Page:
Grace Cossington Smith (1892-1994)
Crayon on paper
Width: 34cm Height: 35.5cm
This picture depicts Government House, Canberra and was the result of a vice regal invitation to teach the Governor-General's wife, Lady Isaacs, about art. The circumstances surrounding this small picture draw together many significant themes relating both to Australia and to The Australiana Fund.
Grace Cossington Smith is one of the most significant Australian artists of the twentieth century who was at the forefront of bringing modernism to Australia from 1913 onwards. The invitation to the artist by the Governor-General of the day, Sir Isaac Isaacs, gave her the opportunity in 1932 to stay at Government House Yarralumla and to produce at least four works; works on paper and oil paintings of the house and gardens. This crayon drawing of Yarralumla shows all the vibrant colour and light of Cossington Smith's works. It has at its centre the fork of the driveway to the house and on the left a dark brooding pine tree with fan shaped fronds. Both the tree on the right and the cast iron pitched roof are bathed in sunlight with its yellow hues. It is this interest in colour and light that Cossington Smith (16th August, 1965) explains: "My chief interest, I think, has always been colour, but not flat crude colour, it must be colour within colour, it has to shine; light must be in it, it is no good having heavy, dead colour." In this period, Cossington Smith had begun to receive significant recognition with exhibitions of her work held in Sydney and at the Walker Galleries in London.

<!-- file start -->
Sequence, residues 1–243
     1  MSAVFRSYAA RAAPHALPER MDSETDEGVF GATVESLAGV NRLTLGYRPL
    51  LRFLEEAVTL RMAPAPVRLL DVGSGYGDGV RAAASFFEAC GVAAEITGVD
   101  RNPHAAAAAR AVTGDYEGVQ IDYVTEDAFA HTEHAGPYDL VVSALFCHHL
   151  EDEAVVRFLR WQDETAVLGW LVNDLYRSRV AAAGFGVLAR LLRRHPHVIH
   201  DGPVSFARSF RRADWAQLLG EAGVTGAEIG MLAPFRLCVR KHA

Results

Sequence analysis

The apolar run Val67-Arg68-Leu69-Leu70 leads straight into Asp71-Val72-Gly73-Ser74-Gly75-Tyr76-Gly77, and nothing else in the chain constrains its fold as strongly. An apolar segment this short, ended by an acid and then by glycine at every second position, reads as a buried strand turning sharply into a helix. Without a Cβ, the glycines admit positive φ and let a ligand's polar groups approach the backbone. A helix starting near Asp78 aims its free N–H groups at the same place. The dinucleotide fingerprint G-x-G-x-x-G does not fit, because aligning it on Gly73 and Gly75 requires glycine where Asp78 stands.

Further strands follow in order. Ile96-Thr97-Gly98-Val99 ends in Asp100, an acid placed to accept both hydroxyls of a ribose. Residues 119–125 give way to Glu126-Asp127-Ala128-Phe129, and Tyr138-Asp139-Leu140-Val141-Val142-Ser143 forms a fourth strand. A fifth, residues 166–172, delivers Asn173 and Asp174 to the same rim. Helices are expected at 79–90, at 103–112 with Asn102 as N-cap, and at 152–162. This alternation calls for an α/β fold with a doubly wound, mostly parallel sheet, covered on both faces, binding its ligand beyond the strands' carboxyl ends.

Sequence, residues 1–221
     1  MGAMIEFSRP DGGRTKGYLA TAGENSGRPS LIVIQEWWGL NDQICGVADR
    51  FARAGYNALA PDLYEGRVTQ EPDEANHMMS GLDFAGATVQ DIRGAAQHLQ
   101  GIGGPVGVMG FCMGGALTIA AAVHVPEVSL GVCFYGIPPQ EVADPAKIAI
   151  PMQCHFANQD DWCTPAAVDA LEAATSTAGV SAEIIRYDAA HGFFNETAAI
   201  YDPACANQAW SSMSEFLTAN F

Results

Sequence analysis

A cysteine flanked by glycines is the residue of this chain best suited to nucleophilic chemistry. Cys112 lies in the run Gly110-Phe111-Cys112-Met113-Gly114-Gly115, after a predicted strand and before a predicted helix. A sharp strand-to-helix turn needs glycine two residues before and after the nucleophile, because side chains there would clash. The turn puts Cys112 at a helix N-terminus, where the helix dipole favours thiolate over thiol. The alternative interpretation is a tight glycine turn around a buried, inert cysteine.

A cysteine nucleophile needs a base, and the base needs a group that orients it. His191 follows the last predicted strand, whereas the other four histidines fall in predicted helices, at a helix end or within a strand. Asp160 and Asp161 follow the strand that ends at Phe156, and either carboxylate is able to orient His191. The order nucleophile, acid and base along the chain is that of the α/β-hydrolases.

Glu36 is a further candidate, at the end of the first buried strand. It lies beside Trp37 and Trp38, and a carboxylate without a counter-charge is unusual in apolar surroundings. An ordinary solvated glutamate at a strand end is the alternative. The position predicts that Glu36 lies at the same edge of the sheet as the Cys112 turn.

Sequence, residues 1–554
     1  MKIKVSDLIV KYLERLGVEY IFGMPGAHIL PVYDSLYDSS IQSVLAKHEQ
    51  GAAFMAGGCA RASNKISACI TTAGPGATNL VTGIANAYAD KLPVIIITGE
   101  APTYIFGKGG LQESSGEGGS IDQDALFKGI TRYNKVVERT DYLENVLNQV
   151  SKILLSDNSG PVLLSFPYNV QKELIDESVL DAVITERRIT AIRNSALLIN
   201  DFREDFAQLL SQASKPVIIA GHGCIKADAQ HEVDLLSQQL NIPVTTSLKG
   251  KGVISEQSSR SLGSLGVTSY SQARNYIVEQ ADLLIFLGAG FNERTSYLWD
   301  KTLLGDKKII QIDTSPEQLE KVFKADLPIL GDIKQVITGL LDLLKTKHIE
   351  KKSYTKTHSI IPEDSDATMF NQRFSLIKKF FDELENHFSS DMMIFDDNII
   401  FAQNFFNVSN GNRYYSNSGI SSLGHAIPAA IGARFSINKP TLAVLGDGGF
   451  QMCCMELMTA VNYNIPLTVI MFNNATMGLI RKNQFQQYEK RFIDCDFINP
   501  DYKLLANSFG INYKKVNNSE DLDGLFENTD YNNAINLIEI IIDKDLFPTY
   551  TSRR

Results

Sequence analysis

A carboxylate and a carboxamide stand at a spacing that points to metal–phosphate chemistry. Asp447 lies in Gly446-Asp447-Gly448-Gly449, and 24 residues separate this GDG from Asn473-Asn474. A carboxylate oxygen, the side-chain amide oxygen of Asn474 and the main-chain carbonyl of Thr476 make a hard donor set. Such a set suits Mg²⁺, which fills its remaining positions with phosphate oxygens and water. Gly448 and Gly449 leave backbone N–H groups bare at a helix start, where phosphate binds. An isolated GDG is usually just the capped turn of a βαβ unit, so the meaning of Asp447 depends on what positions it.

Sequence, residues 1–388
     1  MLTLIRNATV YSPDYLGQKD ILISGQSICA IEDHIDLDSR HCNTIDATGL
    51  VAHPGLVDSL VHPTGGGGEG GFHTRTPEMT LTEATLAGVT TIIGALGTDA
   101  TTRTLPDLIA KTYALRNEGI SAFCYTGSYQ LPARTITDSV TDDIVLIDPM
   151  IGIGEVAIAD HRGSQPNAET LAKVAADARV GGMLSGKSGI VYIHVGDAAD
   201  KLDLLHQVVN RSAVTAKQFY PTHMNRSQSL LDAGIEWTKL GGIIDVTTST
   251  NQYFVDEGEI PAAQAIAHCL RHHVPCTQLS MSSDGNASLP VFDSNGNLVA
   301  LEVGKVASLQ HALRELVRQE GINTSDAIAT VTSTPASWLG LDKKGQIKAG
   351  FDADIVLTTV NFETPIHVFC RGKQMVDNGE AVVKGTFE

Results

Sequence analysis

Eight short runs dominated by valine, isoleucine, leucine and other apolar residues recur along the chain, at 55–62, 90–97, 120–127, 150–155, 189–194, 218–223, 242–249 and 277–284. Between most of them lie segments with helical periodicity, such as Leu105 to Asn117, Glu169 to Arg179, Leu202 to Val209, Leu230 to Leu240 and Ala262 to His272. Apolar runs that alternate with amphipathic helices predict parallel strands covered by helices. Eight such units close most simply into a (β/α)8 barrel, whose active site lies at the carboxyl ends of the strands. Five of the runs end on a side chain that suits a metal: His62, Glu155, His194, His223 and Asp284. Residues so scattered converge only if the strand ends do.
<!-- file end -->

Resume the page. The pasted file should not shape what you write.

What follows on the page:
Sir Isaac Isaacs was born in Melbourne and had a distinguished career including teacher, clerk, barrister, politician and Cabinet Minister before becoming a High Court Judge in 1906. He had married Daisy Jacobs in 1888 and they had two daughters. In 1928 he was appointed KCMG and in 1930, he became Chief Justice. Sir Isaac was the first Australian born Governor-General.